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Hockey Canada loses CAN$23.5m in sponsorships amid sexual assault fallout

National governing body confirms ‘significant’ commercial impact from mass partner exodus.

15 November 2022 Ed Dixon

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  • Canadian Tire among brands to cut ties
  • Hockey Canada CEO and entire board quit last month
  • Organisation says demands for leadership change ‘have been heeded’

Hockey Canada has lost CAN$23.5 million (US$17.7 million) in sponsorships, as the beleaguered national governing body continues to be rocked by sexual assault scandals.

Since the allegations emerged, a host of commercial partners have either paused or withdrawn sponsorship funds for Hockey Canada since the allegations emerged. The likes of Scotiabank, Tim Hortons and Telus, for example, have decided not to fund any men’s hockey programme run by the organisation for the 2022/23 season.

The exodus has continued, with Canadian Tire cutting all ties last month, saying that the organisation was resisting “meaningful change”.

According to a list compiled by the Canadian Press on 11th October, up to a dozen sponsors had either paused or cancelled their deals with Hockey Canada.

Hockey Canada confirmed the sponsorship income loss figure in a statement to the Financial Post, adding that the impact had been ‘significant’.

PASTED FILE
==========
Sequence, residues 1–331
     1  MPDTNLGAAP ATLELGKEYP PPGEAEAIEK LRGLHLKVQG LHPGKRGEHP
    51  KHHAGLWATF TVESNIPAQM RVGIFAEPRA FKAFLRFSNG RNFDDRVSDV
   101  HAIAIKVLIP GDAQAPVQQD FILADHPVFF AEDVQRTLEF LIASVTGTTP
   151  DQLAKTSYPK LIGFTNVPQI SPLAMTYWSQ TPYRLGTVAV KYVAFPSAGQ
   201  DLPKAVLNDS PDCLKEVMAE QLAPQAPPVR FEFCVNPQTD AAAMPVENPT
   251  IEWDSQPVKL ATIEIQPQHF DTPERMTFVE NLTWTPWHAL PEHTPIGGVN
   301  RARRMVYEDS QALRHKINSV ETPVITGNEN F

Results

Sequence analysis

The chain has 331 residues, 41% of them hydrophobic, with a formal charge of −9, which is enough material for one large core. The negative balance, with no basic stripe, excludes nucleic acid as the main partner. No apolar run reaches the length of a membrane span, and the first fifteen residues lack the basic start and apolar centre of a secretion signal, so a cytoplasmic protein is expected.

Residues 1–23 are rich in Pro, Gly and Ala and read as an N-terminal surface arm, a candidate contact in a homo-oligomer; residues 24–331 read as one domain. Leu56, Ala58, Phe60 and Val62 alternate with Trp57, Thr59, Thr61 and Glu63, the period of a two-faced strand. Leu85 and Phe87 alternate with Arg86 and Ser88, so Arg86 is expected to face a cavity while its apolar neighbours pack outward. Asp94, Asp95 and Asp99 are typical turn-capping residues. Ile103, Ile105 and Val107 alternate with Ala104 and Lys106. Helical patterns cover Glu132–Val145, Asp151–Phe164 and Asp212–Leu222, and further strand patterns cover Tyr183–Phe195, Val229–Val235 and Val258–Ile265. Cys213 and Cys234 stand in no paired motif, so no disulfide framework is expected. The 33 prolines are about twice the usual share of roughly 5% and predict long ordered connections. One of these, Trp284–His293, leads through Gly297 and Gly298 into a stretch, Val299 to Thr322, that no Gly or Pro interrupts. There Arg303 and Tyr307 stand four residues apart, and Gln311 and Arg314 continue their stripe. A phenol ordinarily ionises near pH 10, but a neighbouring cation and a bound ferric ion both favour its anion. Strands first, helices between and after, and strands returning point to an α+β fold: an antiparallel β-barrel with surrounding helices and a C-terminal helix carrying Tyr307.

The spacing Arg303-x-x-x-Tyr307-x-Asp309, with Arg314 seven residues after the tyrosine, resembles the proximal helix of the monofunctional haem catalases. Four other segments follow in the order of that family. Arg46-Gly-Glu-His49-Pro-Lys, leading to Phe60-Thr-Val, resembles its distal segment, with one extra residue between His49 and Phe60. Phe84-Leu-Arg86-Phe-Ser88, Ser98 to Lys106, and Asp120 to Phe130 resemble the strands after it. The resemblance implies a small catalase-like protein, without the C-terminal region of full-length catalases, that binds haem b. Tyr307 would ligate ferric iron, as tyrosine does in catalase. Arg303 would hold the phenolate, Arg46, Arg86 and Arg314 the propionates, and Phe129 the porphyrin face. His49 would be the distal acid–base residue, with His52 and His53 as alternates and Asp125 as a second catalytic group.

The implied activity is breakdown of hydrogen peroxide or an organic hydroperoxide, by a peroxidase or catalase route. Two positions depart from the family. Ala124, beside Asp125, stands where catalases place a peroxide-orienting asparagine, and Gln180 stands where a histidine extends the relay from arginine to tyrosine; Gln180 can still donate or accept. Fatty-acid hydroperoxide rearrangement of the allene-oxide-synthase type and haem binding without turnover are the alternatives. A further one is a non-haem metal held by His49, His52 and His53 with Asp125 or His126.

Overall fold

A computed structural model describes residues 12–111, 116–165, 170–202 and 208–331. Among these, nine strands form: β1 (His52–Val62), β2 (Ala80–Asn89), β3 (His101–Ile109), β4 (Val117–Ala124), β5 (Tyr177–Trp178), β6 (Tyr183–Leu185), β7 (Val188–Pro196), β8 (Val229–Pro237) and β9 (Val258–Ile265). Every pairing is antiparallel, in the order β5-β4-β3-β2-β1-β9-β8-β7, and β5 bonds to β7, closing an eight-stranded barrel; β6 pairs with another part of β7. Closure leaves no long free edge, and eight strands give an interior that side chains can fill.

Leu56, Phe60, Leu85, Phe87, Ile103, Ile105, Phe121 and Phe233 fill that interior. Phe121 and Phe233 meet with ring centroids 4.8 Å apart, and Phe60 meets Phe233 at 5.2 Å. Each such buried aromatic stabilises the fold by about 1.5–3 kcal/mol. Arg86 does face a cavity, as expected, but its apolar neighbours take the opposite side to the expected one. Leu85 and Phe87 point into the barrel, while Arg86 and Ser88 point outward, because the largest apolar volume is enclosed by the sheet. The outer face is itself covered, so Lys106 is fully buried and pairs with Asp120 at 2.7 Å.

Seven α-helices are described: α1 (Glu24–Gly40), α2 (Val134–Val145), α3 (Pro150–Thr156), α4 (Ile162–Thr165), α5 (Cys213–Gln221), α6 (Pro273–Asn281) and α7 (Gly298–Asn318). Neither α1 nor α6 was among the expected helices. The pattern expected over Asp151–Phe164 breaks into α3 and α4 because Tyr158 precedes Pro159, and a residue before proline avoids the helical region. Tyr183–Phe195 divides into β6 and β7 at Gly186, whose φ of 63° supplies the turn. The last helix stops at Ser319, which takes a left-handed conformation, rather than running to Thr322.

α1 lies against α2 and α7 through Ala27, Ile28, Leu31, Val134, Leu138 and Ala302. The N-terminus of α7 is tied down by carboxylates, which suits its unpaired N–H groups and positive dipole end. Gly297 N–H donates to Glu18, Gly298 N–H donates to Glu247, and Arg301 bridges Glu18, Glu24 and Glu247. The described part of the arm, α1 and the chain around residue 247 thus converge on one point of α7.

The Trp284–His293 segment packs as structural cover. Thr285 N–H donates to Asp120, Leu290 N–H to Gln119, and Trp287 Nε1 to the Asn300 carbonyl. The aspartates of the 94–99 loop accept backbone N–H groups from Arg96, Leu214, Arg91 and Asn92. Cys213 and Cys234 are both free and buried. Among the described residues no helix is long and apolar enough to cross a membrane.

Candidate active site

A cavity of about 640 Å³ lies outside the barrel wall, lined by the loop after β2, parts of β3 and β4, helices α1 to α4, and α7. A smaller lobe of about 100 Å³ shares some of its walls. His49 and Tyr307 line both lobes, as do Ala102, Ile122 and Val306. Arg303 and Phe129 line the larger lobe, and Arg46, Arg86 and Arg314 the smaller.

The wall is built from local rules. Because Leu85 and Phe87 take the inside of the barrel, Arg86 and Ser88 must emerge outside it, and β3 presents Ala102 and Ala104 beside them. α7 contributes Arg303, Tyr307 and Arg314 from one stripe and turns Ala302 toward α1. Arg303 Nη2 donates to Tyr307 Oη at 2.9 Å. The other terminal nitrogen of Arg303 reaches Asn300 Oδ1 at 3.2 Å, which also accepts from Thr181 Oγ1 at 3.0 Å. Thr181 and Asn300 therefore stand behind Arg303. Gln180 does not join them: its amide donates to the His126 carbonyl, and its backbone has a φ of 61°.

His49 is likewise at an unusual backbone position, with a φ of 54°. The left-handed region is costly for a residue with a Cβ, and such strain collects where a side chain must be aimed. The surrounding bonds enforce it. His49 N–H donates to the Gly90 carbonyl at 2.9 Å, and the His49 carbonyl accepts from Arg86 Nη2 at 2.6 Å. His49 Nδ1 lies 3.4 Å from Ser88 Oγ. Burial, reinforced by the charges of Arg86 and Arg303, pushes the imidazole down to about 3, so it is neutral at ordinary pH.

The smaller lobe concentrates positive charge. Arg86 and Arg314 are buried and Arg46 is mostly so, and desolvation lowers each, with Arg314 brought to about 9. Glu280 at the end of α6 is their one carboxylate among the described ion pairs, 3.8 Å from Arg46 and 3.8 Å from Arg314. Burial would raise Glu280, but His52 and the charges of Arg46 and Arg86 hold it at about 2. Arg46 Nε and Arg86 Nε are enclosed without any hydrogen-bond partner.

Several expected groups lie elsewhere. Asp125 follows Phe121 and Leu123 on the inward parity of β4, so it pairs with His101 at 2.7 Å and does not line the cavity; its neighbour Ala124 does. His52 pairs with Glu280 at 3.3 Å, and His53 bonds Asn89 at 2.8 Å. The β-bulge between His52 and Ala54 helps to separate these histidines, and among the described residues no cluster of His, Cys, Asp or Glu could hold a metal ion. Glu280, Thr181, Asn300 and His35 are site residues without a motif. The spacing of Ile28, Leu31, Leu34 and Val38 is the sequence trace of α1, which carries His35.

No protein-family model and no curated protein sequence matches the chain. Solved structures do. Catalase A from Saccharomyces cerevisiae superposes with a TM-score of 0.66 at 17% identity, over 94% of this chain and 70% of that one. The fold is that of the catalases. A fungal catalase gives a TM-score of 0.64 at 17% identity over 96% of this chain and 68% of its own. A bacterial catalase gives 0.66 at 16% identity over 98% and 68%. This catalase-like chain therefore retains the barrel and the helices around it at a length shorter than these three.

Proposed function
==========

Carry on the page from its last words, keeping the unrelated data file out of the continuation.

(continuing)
The Canadian financial outlet also noted that the tally of Hockey Canada’s sponsorship losses came from the organisation’s business development and partnerships department, which accounted for 43 per cent of Hockey Canada’s revenues during the 2020/2021 fiscal year, according to its most recent annual report.

Hockey Canada also told the Financial Post that the percentage of corporate sponsorship funding lost following the revelations surrounding the settlement of sexual misconduct claims will not be calculated until the current fiscal year ends on 30th June 2023.

The mass exit of sponsors came after it emerged in May that Hockey Canada had reached a settlement with a young woman who alleged she was sexually assaulted in 2018 by eight unnamed Canadian Hockey League (CHL) players. Hockey Canada has also been accused of failing to address systemic abuse within the association and condoning a ‘culture and environment that glorified the degradation and sexual exploitation of young women’.

Last month saw the chief executive of Hockey Canada and its entire board of directors quit amid criticism over how they handled the allegations. The organisation stated that the board had recognised ‘the urgent need for new leadership and perspectives’ and a new slate of directors will be selected no later than 17th December.

Hockey Canada told the Financial Post that the ‘demands of Canadians, echoed by sponsors, for leadership change have been heeded’.

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